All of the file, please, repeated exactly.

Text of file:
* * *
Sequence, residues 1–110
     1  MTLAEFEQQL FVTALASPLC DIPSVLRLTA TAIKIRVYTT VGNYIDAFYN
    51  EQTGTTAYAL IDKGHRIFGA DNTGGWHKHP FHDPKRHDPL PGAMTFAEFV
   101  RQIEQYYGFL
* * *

Sequence, residues 1–110
     1  MTLAEFEQQL FVTALASPLC DIPSVLRLTA TAIKIRVYTT VGNYIDAFYN
    51  EQTGTTAYAL IDKGHRIFGA DNTGGWHKHP FHDPKRHDPL PGAMTFAEFV
   101  RQIEQYYGFL